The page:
QUALITY CERTIFICATIONS Newly certified, Quaker is poised for battle
The plant employs 60 to 70, including some from the former Bliss Technologies, and expects to hire more as it grows.
By CYNTHIA VINARSKY
VINDICATOR BUSINESS WRITER
AUSTINTOWN -- Quaker Manufacturing Corp.'s year-old Austintown plant is ready to battle for contracts from the Big Three automakers, now that it's acquired quality certifications that Ford, General Motors and Daimler-Chrysler demand.
Jeffrey Whinnery, quality assurance manager, said an independent auditing company has awarded the metal stamping and electro-static painting plant QS9000, 1998 and ISO, 1993 quality certifications.
The successful, weeklong audit culminated seven months of preparation by employees at the Four Mile Run Road plant.
"This could substantially increase our business," he said. "The Big Three automakers all require certification to this level, so it opens a large market to us and gives us an edge over competitors."
Companies supplying parts to the automakers are also interested in buying from manufacturers who have achieved a high quality certification level, he said, because it makes it easier for them to maintain and prove their own quality credentials.
Whinnery said the company is "aggressively seeking new business" for the metal brackets, braces and other components it produces and expects to expand its work force as it grows.
"We have big plans," he said.
The audit: Smithers Quality Assessments Inc. of Akron, the auditing firm, reviewed every plant process, from purchasing of materials, to manufacturing, from shipping to inspection and record-keeping.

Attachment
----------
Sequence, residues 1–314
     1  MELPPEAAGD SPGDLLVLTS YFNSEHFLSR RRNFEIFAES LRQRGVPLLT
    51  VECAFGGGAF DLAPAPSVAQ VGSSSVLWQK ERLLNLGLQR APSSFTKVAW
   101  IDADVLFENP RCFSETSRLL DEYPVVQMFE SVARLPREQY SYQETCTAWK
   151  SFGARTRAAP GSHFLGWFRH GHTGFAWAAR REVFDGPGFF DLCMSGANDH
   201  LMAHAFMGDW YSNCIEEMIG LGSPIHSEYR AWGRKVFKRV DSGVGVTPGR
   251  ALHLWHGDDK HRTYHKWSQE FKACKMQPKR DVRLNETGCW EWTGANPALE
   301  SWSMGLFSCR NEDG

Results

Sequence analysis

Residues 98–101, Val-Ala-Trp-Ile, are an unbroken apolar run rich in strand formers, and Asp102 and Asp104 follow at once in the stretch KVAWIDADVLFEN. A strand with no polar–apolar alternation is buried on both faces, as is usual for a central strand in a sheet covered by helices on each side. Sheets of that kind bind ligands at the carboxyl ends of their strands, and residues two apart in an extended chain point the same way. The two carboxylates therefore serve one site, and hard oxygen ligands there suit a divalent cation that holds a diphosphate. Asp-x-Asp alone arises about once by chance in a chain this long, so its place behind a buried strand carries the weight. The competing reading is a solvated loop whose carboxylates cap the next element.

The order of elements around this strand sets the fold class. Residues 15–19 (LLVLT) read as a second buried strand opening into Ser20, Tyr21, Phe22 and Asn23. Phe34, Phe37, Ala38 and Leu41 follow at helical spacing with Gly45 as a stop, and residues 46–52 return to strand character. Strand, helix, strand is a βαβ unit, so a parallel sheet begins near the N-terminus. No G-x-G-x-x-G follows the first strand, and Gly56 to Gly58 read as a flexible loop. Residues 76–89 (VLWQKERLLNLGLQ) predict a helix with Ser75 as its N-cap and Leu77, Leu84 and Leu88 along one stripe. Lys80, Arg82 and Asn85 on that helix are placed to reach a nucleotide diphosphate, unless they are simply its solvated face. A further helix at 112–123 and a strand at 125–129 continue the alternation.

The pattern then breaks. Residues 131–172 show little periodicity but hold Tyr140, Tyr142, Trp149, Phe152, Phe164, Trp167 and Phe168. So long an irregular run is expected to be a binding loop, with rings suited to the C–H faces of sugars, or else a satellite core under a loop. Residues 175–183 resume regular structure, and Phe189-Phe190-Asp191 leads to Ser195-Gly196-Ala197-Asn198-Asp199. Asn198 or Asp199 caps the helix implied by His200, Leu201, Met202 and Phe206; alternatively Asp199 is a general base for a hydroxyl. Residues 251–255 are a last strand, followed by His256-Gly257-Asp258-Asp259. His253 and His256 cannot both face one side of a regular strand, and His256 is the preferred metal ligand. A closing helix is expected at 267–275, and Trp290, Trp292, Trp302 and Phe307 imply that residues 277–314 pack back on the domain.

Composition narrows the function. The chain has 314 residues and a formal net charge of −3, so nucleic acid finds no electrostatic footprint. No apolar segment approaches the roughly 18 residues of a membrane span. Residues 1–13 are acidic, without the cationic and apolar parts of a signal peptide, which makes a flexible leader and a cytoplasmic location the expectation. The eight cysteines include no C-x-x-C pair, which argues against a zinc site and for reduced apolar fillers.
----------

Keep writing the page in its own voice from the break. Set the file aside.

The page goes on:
"You not only have to do things right, you have to be able to prove that you did it right," Whinnery explained.
Quaker will be required to submit to regular auditor inspections every six months to retain the certifications.
With headquarters in Salem, Quaker bought the Austintown plant at a bankruptcy auction in Detroit last spring, about a month after the former Bliss Technologies shut down its operations there and in Newton Falls.
The Bliss closings idled about 350 in Newton Falls and 150 in Austintown.
Bliss, an automotive supplier which made bumpers for Ford Econoline vans and other motor vehicle products, filed for Chapter 11 bankruptcy protection in January 2000.
Whinnery said the company renamed the Austintown facility Quaker Manufacturing Inc. and now employs between 60 and 70 full-time workers there.
Some former Bliss employees were hired, but Whinnery could not say how many.
Sprucing up: Quaker is also working on an extensive remodeling and refurbishing of the plant and its administrative offices, he said.
Quaker's Salem headquarters, which has tool-and-die and metal stamping divisions, also maintains the quality certifications recently acquired by its Austintown plant.
Don Hartman, general manager, said the Salem plant is a Tier 2 supplier for General Motors, meaning it supplies parts for some of the automaker's Tier 1 parts suppliers.
The plant also provides occasional factory assistance for GM when the automaker has an equipment problem, he said.
Plastech Engineered Products of Dearborn, Mich., bought the former Bliss plant at 1536 First St. in Newton Falls.
Plastech officials did not return calls requesting information about the facility.